What a bribery fine tells us about the Black Box company data market

In April 2018, the US Securities and Exchange Commission (SEC) announced that The Dun & Bradstreet Corporation “agreed to pay $9 million to resolve Foreign Corrupt Practices Act charges arising from improper payments made by two Chinese subsidiaries”.

According to the SEC’s order: “One subsidiary, part of a joint venture with a Chinese company, acquired non-public financial statement information on Chinese entities, in violation of Chinese law, by making unlawful payments to Chinese government officials”.

This represented a low point for the (already opaque) Black Box company data market. So do you really know where the company data you use comes from?

In this post we’ll explore key questions you should be asking of your data providers, and how the White Box data revolution is bringing about disruptive change – so everybody benefits.

Questions you should ask

As this case makes clear, any organisation that uses, or needs to use, company data at scale should ask two questions before acquiring such data.

1) Where does the data come from & how was it collected?

You should always be confident about where the data your external vendors provide you with comes from, and when and how it was collected. 

One should always ask about the origin of data and its manner of collection, but if the answer you hear is a variation of “it’s complicated” or “it’s a trade secret”, then it’s not good enough.

Being wilfully blind to the source of your data, and how it was collected, is no longer acceptable. You simply cannot be confident in using your data without having a transparent line of sight into its origins.

2) Is the data fit for purpose?

There are numerous reasons why Black Box data is no longer fit for purpose. Our white paper, which was based on interviews with numerous technology and data experts, identifies a long list of drawbacks, including:

  • Lack of provenance
    This is problematic because many users of data, particularly those in risk and compliance oriented roles, need to be confident in its use when making risk-based decisions. After all, it’s not defensible to justify risk-related decisions to a stakeholder or regulator if you’re in the dark about where data comes from and when it was collected.
  • Poorly defined models
    Black Box data providers use different proxies for a company – it might be a vague notion of a ‘business’ or a corporate address. You need transparency about exactly what a record means, and this should correspond to a legal entity.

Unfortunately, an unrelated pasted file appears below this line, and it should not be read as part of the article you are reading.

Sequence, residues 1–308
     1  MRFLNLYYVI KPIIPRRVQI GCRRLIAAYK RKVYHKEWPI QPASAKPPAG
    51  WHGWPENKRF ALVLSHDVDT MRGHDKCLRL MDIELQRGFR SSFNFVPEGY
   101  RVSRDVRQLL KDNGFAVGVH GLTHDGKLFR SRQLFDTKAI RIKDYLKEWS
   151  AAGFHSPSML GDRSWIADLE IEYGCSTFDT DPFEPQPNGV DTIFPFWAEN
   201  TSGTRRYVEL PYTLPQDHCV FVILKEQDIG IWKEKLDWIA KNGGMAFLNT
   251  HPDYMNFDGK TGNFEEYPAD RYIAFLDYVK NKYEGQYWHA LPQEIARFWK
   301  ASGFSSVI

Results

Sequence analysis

• Poor data quality feedback loops
    When company data is openly accessible by millions of users, this creates a positive feedback loop in which the many eyes on the data help to improve its quality – both in the original official source and in open databases like OpenCorporates’. Black Box providers only allow paying customers to access their data at scale, or only a small slice of it, which leads to a poor data quality feedback loop.
  • Vendor lock-in
    Proprietary identifiers, such as the DUNS number, make it very difficult for users to integrate systems or combine datasets if you don’t already have a Black Box data provider’s proprietary identifier for each record. This can lead to vendor lock-in.

The White Box Data Revolution

For these reasons and more, OpenCorporates is leading a White Box revolution in how company data is provided at scale. This means that data is clearly-defined and that company data contains provenance – indicating the ‘where?’ and ‘when?’.

The revolution is gaining momentum, as after two decades of using the DUNS number, the US General Services Administration has decided that by April 2022 they will move away to a new, open identifier when validating third parties. 

Over 400 organisations already rely on our White Box data at scale via our API or Bulk Data to create a trusted business environment and solve a range of critical challenges.

Black Box data will soon be a thing of the past, as the White Box model becomes foundational to the work of organisations around the world.

What are you waiting for? Join the White Box revolution in company data.

  • White paper
    Our White Paper, The White Box Data Revolution, dives further into the drawbacks of Black Box data and the move towards White Box data.

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